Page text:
BRADENTON, Fla. — Florida’s new statewide PACE program has inked a deal for $500 million in funding through Irvine, Calif.-based Samas Capital LLC.
The funding means that Property Assessed Clean Energy financing for energy-related and wind-hardening improvements will soon be available through the Florida PACE Funding Agency, a special-purpose unit of local government with municipal bonding authority.
In PACE financing, an assessment collected on the improved property’s tax bill is used to finance clean-energy improvements for a property. Bonds can then be issued backed by those assessments.
The agency already has its first subscriber, Flagler County on Florida’s northeast coast, and expects to begin funding residential and commercial projects in the next 60 days, according to program manager Jonathan Schaefer with SAIC Energy, Environment & Infrastructure LLC, the administrator for the Florida PACE agency.
The agency is in discussion with other cities and counties about joining the program, and will soon begin marketing to home and business owners.
Establishing the program’s structure and start-up funding has taken more than a year.
The Florida PACE agency selected Samas as the final step in rolling out the program to residential and commercial subscribers, according to Schaefer.
“Our target was really the financing,” he said. “We have a door that’s open to us now that the financing agreement has been signed. [Samas] allows us to have immediate liquidity to take money out and pay for the work.”
While cities and counties decide if they will subscribe to the voluntary program, Schaefer said the comprehensive nature of the Florida PACE agency’s program limits their liabilities, and provides the program to residents and businesses at no cost to local governments. The program also can create needed jobs, he added.
“We are proud to be an integral part of the Florida PACE Funding Agency team and look forward to providing the best and lowest-cost PACE financing to Florida,” said Samas managing director Mark Aarvig.
“Our investors are impressed with the uniformity and statewide scale of the agency’s inviting interlocal model,” he said. “We also like the way the agency is geared to help counties and cities quickly launch these job-creation opportunities.”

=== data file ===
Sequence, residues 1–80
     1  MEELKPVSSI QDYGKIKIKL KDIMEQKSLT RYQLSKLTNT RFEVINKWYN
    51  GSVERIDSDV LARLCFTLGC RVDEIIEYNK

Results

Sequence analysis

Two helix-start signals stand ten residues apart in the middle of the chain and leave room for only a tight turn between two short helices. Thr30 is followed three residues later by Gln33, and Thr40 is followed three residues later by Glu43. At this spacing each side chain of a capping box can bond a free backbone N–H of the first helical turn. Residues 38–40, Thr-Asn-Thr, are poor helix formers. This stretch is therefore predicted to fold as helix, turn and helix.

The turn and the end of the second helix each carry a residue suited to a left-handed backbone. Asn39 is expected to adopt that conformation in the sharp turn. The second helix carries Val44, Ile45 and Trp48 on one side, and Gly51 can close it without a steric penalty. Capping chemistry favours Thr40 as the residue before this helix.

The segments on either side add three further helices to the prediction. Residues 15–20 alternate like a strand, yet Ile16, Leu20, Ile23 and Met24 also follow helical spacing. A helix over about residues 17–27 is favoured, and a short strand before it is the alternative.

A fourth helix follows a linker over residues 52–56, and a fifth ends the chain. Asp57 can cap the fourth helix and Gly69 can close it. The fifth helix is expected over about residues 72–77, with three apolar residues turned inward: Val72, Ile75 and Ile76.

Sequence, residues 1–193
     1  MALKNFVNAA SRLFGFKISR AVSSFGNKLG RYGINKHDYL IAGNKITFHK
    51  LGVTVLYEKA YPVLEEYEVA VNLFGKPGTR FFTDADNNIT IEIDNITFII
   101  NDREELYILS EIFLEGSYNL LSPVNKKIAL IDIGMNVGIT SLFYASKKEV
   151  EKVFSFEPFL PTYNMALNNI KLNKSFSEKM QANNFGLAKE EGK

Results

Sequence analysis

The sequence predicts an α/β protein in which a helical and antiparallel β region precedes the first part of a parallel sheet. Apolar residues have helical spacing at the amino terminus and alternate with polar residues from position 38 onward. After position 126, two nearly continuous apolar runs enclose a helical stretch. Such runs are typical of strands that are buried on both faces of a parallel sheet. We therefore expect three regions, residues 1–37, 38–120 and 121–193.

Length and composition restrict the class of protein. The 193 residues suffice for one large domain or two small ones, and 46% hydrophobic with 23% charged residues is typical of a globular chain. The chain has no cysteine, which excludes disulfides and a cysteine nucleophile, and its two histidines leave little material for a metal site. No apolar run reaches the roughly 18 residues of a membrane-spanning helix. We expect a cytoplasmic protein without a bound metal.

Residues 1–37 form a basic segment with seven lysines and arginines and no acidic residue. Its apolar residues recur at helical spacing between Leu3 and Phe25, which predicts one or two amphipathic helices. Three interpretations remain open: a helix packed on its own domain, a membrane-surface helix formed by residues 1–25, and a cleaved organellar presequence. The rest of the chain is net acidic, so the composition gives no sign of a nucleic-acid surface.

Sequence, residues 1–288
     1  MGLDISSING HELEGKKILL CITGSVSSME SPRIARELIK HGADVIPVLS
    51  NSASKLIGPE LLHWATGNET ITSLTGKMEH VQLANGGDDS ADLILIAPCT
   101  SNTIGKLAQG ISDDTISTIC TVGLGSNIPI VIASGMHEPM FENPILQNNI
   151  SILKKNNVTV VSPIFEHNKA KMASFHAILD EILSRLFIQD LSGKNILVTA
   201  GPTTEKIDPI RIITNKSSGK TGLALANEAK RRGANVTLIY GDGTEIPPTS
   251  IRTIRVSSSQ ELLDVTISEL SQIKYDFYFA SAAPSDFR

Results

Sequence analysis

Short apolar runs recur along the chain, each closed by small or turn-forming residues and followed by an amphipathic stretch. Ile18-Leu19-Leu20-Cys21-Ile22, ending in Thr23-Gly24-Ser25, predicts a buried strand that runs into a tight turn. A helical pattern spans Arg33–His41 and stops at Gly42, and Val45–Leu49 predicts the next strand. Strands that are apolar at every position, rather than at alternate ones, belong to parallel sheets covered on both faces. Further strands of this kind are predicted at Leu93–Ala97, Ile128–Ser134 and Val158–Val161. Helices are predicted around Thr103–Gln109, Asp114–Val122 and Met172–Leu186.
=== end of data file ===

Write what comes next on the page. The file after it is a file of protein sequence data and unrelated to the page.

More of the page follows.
Samas Capital describes itself an international financial originator and asset manager of structured products with “a wealth of experience in asset-backed securities origination, trading and securitization,” according to its website.
According to the U.S. Department of Energy, Samas committed $150 million in funding to its “Better Buildings Challenge,” and uses its PACE platform to finance energy upgrades in commercial buildings in California. The company has also worked with PACE programs in other parts of the country.
The Florida PACE Funding Agency selected Samas because of the firm’s capitalization and its model, which will handle the program’s ramp-up period, said managing director David Moore of Public Financial Management Inc., co-financial advisor for the Florida PACE agency with First Southwest Co. and Southeastern Investment Securities LLC.
“The structure is set up so we don’t have to worry about aggregating a thousand of those loans around the state,” Moore said. “This is the only concept that has the money and will provide funding for commercial and residential loans. And it’s all funded through Samas.”
Samas Capital will purchase bonds secured by the underlying assessments for a trust funded by institutional investors.
While similar to PACE programs in other states, in Florida the financing can also be used to help property owners strengthen their homes against storms in addition to renewable energy and energy-efficiency improvements.
Former Gov. Charlie Crist signed HB 7179 in law in 2010 to create the statewide PACE program.
In 2011, a Florida judge validated $2 billion of municipal bonds for the Florida PACE Funding Agency.
The judicial ruling confirmed a provision in the state’s PACE law, which prevents a mortgage lender from declaring a default or accelerating the payment of a mortgage, note or lien if a property owner enters into a PACE financing agreement.
Despite that provision, PACE programs across the country have been hindered by ongoing questions raised by the Federal Housing Finance Agency.
The FHFA directed Fannie Mae and Freddie Mac to stop buying mortgages with PACE liens out of concern for the lack of standard underwriting and energy retrofit guidelines, and questions about a PACE assessment’s priority over mortgages when homeowners default.
It had been hoped that the binding nature of the court ruling on Florida’s program, and on private and federal mortgage agencies, would resolve FHFA questions. However, those questions linger, and Fannie Mae and Freddie Mac purchase most mortgages.
SAIC’s Schaefer said Florida’s program will move forward offering PACE advantages to property owners with jumbo mortgages, people who owe nothing on their homes, and the 30% of homeowners whose mortgages haven’t been purchased by the Fannie or Freddie.
“The main objective here is through a statewide program we have attention and momentum to push back and say this program is successful, and we’re accomplishing other federal objectives in terms of encouraging energy-efficiency, wind-hardening and renewable generation,” Schaefer said.
The program’s website is at www.floridapace.gov.